New American Bible (Revised Edition)
Emmanuel. 10 Again the Lord spoke to Ahaz: 11 Ask for a sign from the Lord, your God; let it be deep as Sheol, or high as the sky![a] 12 But Ahaz answered, “I will not ask! I will not tempt the Lord!”[b] 13 Then he said: Listen, house of David! Is it not enough that you weary human beings? Must you also weary my God? 14 Therefore the Lord himself will give you a sign;[c] the young woman, pregnant and about to bear a son, shall name him Emmanuel. 15 Curds and honey[d] he will eat so that he may learn to reject evil and choose good; 16 for before the child learns to reject evil and choose good, the land of those two kings whom you dread shall be deserted.
17 The Lord shall bring upon you and your people and your father’s house such days as have not come since Ephraim seceded[e] from Judah (the king of Assyria).Read full chapter
- 7:11 Deep…sky: an extraordinary or miraculous sign that would prove God’s firm will to save the royal house of David from its oppressors.
- 7:12 Tempt the Lord: Ahaz prefers to depend upon the might of Assyria rather than the might of God.
- 7:14 Isaiah’s sign seeks to reassure Ahaz that he need not fear the invading armies of Syria and Israel in the light of God’s promise to David (2 Sm 7:12–16). The oracle follows a traditional announcement formula by which the birth and sometimes naming of a child is promised to particular individuals (Gn 16:11; Jgs 13:3). The young woman: Hebrew ‘almah designates a young woman of marriageable age without specific reference to virginity. The Septuagint translated the Hebrew term as parthenos, which normally does mean virgin, and this translation underlies Mt 1:23. Emmanuel: the name means “with us is God.” Since for the Christian the incarnation is the ultimate expression of God’s willingness to “be with us,” it is understandable that this text was interpreted to refer to the birth of Christ.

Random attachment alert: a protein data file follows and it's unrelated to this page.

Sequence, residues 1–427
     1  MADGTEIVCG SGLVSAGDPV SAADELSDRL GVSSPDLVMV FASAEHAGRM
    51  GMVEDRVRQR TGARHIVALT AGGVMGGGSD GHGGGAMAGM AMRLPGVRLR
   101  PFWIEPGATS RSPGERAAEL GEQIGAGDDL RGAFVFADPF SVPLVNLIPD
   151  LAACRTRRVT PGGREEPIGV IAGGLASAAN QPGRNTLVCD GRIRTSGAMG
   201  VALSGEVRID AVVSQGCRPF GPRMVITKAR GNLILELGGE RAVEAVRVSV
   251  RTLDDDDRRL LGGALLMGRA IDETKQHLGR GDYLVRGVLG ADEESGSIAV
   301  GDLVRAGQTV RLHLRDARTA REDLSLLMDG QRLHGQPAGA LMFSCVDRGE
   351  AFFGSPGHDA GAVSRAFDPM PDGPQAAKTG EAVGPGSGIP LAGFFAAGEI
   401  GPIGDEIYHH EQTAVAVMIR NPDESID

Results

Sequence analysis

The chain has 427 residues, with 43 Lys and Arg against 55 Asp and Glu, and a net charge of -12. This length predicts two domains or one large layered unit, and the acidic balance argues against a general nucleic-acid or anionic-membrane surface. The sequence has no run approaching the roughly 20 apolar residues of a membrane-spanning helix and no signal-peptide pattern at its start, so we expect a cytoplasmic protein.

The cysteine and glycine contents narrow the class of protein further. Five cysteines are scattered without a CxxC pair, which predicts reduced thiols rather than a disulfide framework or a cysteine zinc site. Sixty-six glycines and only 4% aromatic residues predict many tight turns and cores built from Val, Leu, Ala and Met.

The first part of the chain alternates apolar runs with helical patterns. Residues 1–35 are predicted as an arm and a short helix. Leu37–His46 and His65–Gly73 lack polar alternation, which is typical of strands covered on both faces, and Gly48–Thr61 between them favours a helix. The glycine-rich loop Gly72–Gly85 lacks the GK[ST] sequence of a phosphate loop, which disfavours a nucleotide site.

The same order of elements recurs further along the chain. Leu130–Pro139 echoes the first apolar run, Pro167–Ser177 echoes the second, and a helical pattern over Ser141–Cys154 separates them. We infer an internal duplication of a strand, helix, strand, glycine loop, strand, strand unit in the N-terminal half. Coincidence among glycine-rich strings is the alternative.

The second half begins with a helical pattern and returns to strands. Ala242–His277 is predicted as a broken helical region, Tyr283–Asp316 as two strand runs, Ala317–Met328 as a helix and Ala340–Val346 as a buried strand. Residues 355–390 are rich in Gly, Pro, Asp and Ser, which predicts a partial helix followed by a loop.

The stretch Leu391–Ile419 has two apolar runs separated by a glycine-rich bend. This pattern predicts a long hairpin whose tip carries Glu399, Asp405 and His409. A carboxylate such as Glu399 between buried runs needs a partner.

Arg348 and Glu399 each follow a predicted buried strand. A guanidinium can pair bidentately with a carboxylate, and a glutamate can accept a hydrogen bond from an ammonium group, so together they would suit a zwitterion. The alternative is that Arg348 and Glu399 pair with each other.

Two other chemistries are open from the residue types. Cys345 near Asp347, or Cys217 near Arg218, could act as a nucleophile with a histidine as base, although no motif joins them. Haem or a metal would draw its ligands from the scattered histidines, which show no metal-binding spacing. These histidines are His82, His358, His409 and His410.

- 7:15–16 Curds and honey: the only diet available to those who are left after the devastation of the land; cf. vv. 21–25.
- 7:17 Such days as have not come since Ephraim seceded: the days of the kingdom prior to the secession of Ephraim and the other northern tribes (1 Kgs 12). The king of Assyria: the final comment appears to be a later editorial gloss indicating days worse than any since the secession.